Lesson here for dictators the world over. If you let your people hear criticism you'll just have to throw them in jail. To avoid unnecessary and avoidable suffering keep them in the dark.
While many have argued that media freedom is integral to a functioning democracy and respect for human rights, a new study is the first to examine the effects of media freedom in countries that lack such democratic institutions as fair elections.
"We would expect to find most free media in democratic states and most controlled media in autocratic states, but this is not always the case," said Jenifer Whitten-Woodring, a doctoral candidate in political science and international relations at USC.
In the September 2009 issue of International Studies Quarterly, Whitten-Woodring shows that media freedom in autocratic states does not necessarily result in improved government treatment of citizens. Indeed, media freedom in the absence of other institutional outlets for dissent is actually associated with greater oppression of human rights, Whitten-Woodring found utilizing data from 93 countries for the years 1981-1995.
If people start complaining out loud and read the complaints of others it probably just increases feelings of dissatisfaction, frustration, and anger. This leads people to do things that any self-respecting dictator can't let them get away with. Before you know it the prisons are full of political opponents and you are spending a lot more money on interrogators and torturers.
Free media reporters think they are so righteous attacking The Man. But all they are doing is feeding vicious cycles of protest, police shooting protesters, and general repression.
Without democratic outlets for dissent, institutional cycles of protest and repression are likely to evolve, according to Whitten-Woodring, leading to the greater possibility of political imprisonment, murder, disappearance and torture in the short term. For example in Iran in the late 1990s, when President Khatami introduced some press freedom and newspapers began to report on violations of human rights, protests and calls for reform were met with further repression.
"I'm not advocating against free media," Whitten-Woodring said, pointing to instances in Mexico and Uganda where an independent media continued to operate despite state oppression and intimidation. "It is imperative to understand how the effects of independent media vary and are dependent on democratic characteristics . . . that make governments more accountable and vulnerable to public opinion."
She continued: "All in all, these findings suggest that although the free media is able to play a watchdog role over government behavior, this does not always result in improved government treatment of citizens."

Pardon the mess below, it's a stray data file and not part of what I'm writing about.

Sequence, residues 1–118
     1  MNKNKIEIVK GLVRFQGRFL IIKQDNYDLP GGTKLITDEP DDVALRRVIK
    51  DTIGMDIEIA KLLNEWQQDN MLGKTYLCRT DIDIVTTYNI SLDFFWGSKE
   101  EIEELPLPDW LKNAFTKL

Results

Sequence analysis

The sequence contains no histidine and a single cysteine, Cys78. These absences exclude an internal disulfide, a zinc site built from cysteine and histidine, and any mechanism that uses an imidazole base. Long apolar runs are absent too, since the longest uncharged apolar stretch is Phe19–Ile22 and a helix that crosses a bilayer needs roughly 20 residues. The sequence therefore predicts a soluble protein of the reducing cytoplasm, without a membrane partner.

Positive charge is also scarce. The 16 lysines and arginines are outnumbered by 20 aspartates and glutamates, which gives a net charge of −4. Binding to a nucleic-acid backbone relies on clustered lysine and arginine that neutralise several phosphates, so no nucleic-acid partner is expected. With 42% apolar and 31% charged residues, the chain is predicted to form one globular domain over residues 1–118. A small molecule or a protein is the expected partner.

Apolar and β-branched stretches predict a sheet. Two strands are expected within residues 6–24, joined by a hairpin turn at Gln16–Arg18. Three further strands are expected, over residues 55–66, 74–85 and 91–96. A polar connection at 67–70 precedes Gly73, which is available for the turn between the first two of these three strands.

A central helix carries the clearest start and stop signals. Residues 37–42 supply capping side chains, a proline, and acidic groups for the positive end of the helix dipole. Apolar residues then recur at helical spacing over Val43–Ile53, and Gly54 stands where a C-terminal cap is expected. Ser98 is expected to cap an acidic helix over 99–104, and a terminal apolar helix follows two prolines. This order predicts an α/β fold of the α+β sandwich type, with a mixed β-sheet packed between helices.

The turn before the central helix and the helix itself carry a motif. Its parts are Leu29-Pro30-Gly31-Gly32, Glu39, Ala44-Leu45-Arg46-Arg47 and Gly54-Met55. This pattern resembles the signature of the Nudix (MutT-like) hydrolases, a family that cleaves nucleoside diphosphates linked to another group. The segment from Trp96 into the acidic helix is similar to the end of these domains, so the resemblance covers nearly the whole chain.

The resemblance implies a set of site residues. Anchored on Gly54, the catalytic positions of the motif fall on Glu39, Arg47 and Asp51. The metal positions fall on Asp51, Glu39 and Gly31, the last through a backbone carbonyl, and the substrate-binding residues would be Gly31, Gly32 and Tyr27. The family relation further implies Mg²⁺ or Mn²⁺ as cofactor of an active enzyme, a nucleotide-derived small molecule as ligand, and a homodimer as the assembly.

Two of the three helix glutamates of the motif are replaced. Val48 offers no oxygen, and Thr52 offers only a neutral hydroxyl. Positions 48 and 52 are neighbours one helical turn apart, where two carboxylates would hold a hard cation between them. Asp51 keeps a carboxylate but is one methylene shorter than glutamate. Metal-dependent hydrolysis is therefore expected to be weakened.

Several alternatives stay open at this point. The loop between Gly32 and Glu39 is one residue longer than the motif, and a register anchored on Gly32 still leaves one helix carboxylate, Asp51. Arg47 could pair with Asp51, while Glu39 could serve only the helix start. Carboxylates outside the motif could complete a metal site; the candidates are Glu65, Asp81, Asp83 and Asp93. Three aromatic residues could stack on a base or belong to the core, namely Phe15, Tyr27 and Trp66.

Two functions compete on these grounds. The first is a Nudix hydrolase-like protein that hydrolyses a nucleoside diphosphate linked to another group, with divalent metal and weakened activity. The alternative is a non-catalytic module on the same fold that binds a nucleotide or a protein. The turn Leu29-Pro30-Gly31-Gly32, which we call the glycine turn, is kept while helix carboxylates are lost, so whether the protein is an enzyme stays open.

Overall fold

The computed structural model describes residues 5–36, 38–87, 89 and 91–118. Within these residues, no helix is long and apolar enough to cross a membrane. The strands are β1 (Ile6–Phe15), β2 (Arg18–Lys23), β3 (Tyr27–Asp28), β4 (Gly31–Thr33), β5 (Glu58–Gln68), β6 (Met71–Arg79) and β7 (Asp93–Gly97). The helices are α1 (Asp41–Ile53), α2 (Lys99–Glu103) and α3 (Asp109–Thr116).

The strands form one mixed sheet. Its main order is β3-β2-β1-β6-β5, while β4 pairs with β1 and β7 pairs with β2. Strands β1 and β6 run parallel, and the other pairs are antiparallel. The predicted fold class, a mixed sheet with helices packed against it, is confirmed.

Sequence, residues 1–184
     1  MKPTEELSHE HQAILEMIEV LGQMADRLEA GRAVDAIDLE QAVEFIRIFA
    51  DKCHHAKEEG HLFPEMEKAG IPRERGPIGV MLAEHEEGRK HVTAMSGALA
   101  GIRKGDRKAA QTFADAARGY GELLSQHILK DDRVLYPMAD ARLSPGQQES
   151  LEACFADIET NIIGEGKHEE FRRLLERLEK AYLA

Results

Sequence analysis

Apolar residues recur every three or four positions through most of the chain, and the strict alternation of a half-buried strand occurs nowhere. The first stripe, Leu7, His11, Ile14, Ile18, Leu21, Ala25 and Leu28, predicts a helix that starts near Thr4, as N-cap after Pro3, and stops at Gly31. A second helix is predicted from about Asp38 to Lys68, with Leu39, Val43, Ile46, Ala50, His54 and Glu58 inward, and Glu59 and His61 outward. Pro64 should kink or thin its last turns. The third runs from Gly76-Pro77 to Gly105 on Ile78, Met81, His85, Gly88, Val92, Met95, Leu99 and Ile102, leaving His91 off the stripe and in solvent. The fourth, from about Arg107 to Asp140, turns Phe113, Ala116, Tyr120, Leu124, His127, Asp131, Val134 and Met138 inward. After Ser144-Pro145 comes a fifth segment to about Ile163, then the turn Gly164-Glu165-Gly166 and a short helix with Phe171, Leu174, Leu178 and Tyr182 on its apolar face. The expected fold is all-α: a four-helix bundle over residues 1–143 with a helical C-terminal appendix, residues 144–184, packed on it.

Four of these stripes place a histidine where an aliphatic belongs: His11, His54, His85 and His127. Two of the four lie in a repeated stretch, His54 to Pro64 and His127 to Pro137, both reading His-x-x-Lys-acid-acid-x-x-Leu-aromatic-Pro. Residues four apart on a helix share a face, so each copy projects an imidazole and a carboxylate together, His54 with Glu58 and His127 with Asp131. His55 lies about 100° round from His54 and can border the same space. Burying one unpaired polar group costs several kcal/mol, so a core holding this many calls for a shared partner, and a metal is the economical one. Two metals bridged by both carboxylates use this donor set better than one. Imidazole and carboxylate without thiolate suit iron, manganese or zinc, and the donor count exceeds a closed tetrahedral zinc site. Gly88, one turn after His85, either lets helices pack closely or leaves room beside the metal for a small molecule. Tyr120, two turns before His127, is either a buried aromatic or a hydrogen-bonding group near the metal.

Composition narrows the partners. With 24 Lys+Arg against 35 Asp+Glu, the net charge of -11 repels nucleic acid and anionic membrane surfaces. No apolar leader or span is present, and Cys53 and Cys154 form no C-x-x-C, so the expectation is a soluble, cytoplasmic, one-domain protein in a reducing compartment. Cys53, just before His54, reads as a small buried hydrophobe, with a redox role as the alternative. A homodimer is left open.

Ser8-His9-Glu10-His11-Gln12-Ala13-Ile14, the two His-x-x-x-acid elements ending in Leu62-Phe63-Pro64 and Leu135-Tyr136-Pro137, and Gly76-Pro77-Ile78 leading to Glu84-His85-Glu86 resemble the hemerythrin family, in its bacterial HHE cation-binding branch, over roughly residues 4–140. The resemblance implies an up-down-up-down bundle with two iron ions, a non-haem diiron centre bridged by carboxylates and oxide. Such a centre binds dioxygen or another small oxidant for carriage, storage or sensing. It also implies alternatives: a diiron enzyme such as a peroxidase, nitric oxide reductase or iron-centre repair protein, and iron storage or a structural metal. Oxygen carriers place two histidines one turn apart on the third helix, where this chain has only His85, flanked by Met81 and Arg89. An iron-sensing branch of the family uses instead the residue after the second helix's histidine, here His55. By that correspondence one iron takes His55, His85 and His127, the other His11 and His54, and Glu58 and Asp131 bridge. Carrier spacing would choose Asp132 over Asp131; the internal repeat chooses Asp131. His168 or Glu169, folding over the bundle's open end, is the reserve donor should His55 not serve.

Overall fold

Is improved government treatment of citizens the bottom line?
Maybe what is needed is a small amount of carefully controlled complaining.
A recent US Census Bureau report has a number of interesting facts about income, poverty, and health insurance coverage. 2008 was not fun for most people.
Between 2007 and 2008, the real median income of non-Hispanic white households declined 2.6 percent (to $55,530); for blacks, it declined 2.8 percent (to $34,218); for Asians, it declined 4.4 percent (to $65,637); and for Hispanics, it declined 5.6 percent (to $37,913). Except for the difference between the declines for non-Hispanic white and Hispanic households, all other differences between the declines were not statistically significant.
Since whites are a shrinking portion of the US population and Asians as a percentage are not growing fast the growth of Hispanics and blacks will cause a decline in overall US per capita income. Peak Oil will also cause a decline in overall per capita income.
Working men earn bigger bucks than working women.
In 2008, the earnings of women who worked full time, year-round was 77 percent of that for corresponding men, down from 78 percent in 2007. The real median earnings of men who worked full time, year-round declined by 1.0 percent between 2007 and 2008, from $46,846 to $46,367. For women, the corresponding drop was 1.9 percent, from $36,451 to $35,745.
But the industries hardest hit in this recession (e.g. manufacturing, mining) are male-dominated. So the recession has been called a mancession. Whereas health, education, and government - all industries that employ more women - have done well in this recession. In May 2009 the male unemployment rate was 10.5% while the female unemployment rate was 8%. A 2.5% gap.
Obama's attempts to extend health insurance to more people would benefit blacks and Hispanics far more than whites.